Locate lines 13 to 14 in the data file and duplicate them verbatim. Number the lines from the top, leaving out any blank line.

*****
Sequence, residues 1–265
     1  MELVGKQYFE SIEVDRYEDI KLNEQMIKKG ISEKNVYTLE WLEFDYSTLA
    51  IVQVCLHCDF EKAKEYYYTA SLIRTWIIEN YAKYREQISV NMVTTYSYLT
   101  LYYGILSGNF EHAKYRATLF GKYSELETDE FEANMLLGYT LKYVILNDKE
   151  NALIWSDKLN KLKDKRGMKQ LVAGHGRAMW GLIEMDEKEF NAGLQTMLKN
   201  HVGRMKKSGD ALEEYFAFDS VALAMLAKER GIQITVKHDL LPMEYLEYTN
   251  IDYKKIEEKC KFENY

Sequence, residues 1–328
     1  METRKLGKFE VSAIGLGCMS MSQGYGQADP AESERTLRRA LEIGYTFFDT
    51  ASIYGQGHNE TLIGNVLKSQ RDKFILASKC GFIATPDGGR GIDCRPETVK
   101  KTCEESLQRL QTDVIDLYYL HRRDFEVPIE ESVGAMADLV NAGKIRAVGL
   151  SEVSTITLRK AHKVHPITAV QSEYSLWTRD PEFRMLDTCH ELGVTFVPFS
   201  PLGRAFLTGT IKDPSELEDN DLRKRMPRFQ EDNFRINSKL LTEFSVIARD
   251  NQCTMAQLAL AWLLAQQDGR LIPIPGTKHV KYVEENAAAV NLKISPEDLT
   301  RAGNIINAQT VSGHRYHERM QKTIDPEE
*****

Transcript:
   201  PLGRAFLTGT IKDPSELEDN DLRKRMPRFQ EDNFRINSKL LTEFSVIARD
   251  NQCTMAQLAL AWLLAQQDGR LIPIPGTKHV KYVEENAAAV NLKISPEDLT